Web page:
Constipation is defined as “a condition in which there is difficulty emptying the bowels, usually associated with hardened feces”. Bowel movements are the process through which food and other toxins are eliminated from the body. This is a normal process that keeps our bodies healthy after ingesting foods. It is important because once the body has absorbed the nutrients it can from the foods we have eaten, they no longer have use. They can cause inflammation, infection, and take up space when they are left in our bodies for too long. Because of this, if you are eating daily, you should also be having a bowel movement daily.
The nervous system is made up of nerves coming out of the spine and going to your brain, all the muscles, tissues, and organs in your body. There are certain nerves that go directly to your digestive system, small intestine, large intestine, etc.. They aid in the process of having a bowel movement and prepare the stool to be healthy to eliminate everything that needs to be eliminated. When there is dysfunction in the spine or musculoskeletal system, the nerves that innervate or connect the areas can have dysfunction, and communication with the brain can be lessened.
I see a lot of moms who bring in their kids due to constipation, as well as adults who are dealing with it. Some people don’t even realize it as they think their ‘normal’ is not having a bowel movement daily when in actuality it is common, but certainly not normal. There are things that I always check, especially when someone has been dealing with constipation:
1. Specific adjustments to remove any dysfunction in the nerves that help the body with digestion and bowel movements.
2. Checking the Ileocecal valve (this connects the large and small intestine) which can get “stuck closed” or “stuck open” and lead to either too much bacteria getting through or not enough. This is released by light pressure in the lower right abdomen.
3. Checking the diaphragm.
4. Releasing any other tension, especially dural tension in babies.
There are supplements and at home things to consider when dealing with constipation:
1. Magnesium Citrate: this is a supplement that acts as a mild laxative by increasing water in the intestines. This is one of the most common supplements we use for constipation for kids and adults alike!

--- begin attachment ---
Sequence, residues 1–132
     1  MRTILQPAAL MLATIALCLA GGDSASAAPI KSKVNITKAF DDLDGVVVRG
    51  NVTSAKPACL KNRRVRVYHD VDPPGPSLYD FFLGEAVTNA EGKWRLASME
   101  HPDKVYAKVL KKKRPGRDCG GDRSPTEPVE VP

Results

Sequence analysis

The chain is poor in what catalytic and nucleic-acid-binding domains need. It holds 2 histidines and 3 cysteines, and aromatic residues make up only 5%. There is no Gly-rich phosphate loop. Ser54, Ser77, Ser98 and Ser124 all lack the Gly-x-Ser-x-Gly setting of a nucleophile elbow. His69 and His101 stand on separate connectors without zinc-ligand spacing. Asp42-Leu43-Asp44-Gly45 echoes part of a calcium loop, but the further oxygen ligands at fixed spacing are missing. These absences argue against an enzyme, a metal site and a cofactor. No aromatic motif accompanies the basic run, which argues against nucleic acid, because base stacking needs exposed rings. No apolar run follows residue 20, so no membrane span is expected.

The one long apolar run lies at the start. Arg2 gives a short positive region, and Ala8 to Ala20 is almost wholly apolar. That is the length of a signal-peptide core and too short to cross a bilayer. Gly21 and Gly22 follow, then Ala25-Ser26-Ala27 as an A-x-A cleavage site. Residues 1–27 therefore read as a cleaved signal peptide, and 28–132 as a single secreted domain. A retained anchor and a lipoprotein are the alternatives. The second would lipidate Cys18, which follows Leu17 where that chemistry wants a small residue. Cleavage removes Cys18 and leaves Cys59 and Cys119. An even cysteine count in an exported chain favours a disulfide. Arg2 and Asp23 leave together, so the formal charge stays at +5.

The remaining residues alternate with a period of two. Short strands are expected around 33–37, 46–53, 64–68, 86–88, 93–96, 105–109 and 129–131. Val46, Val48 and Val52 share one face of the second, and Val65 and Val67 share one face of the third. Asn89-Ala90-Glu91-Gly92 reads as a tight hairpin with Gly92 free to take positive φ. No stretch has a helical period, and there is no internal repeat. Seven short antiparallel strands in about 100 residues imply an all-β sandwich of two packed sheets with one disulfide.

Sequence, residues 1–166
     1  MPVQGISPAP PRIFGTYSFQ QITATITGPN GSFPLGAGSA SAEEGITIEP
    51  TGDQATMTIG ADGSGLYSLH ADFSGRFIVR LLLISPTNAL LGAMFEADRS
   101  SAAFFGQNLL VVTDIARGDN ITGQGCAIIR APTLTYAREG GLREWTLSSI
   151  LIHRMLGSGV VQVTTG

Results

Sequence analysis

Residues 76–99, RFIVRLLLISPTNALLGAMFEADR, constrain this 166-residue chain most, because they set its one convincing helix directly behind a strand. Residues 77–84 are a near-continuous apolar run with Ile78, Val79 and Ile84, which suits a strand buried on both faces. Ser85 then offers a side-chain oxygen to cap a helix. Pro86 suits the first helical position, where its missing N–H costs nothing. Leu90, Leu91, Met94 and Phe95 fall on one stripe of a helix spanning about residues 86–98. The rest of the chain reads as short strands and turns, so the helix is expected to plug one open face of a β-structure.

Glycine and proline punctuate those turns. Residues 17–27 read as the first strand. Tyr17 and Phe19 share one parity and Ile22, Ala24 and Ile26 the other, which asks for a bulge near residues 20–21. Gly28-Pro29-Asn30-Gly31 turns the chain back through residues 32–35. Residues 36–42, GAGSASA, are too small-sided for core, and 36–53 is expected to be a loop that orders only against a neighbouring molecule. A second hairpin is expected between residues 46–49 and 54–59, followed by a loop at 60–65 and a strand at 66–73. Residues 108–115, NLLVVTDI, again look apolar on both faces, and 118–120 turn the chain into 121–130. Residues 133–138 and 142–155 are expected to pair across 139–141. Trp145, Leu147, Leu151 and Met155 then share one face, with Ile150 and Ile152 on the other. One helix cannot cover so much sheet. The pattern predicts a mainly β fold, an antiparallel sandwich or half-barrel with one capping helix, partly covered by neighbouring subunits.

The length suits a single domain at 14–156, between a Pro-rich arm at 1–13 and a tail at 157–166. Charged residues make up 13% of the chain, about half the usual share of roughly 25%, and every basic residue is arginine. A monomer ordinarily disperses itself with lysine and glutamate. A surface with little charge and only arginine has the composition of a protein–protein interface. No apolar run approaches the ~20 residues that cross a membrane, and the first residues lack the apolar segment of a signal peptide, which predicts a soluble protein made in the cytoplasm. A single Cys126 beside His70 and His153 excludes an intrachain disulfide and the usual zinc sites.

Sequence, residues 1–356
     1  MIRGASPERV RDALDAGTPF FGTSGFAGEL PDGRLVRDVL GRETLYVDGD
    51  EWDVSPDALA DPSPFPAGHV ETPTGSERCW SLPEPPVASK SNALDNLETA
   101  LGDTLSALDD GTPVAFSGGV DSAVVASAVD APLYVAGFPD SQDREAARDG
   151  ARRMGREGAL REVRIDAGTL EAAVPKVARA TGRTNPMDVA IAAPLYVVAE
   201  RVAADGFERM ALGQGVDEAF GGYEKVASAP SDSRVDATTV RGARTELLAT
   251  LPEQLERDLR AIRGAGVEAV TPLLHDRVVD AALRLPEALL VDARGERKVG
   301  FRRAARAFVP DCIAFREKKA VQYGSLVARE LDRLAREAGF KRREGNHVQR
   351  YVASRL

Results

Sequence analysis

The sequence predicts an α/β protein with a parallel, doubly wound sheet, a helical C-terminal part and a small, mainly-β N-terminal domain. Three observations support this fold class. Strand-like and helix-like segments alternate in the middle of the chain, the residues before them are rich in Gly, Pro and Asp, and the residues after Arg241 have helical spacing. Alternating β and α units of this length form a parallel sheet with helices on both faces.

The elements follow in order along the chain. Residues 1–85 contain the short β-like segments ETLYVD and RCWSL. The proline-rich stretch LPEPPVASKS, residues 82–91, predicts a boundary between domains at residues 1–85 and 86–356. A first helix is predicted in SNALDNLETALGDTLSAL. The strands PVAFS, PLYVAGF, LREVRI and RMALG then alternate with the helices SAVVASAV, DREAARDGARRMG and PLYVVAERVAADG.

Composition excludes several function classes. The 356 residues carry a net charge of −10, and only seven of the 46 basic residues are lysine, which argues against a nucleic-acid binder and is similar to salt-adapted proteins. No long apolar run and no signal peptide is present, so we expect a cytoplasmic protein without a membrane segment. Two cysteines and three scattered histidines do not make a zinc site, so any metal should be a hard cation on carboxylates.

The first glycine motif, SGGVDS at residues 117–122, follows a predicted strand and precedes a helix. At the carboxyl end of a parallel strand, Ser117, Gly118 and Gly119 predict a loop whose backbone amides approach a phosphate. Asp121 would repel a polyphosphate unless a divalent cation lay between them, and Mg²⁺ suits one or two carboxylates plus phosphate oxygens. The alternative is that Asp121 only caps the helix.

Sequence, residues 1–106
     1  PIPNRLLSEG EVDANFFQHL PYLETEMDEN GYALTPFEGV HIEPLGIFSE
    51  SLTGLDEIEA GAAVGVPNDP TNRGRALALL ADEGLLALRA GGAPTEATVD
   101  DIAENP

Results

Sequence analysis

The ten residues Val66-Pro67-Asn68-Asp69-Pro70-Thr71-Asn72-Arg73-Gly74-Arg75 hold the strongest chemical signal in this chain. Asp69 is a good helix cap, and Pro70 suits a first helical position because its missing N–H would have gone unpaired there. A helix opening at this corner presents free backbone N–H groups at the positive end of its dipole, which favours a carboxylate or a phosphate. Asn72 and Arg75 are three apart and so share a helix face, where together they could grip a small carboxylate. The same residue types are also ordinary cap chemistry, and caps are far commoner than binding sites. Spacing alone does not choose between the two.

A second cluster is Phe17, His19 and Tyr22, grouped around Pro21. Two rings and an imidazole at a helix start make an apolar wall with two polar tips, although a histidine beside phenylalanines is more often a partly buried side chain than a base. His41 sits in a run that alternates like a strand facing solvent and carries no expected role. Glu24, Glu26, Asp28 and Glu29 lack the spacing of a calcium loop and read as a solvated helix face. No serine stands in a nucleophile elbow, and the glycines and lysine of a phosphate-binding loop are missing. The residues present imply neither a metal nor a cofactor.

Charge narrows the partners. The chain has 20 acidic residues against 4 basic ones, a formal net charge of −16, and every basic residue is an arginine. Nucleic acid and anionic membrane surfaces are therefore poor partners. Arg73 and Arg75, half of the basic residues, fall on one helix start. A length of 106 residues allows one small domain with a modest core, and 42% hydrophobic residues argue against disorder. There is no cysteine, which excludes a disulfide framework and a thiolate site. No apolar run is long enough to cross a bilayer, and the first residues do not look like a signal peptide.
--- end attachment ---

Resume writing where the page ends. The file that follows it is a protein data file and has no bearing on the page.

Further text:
2. Probiotic: probiotics help support the good bacteria in the gut so infection is less likely and proper functions are promoted rather than inhibited. We have probiotic options for all ages.
3. Hydration: without proper water levels in the body, the intestines can have a hard time absorbing enough water to create a healthy stool. Having enough hydration can make a huge difference!
4. Vagus nerve stimulation: the vagus nerve is one of the cranial nerves. It is called the “wanderer” because it travels all the way from the brain down to the kidneys and to the uterus. One of its many functions is to stimulate the small contractions to move the stool through your digestive system. When the vagus nerve isn’t properly stimulated, this process can become much more difficult! There are many ways to stimulate the vagus nerve – so find one that works best for you. A couple of options are gargling water, singing loudly, or splashing cold water on your face. For a baby, I recommend a parent holding an electric toothbrush on the back of their neck.
5. Fiber intake: eating plenty of fruits and vegetables is key! Try to get a variety throughout the day. For kids who are picky eaters or have a difficult time eating any vegetables besides carrots, try smoothies that are sweetened by fruit and filled with leafy greens or recipes where you can “hide” vegetables such as lasagna, stir-fries, or soups.
Dr. Sophie Mill, Chiropractor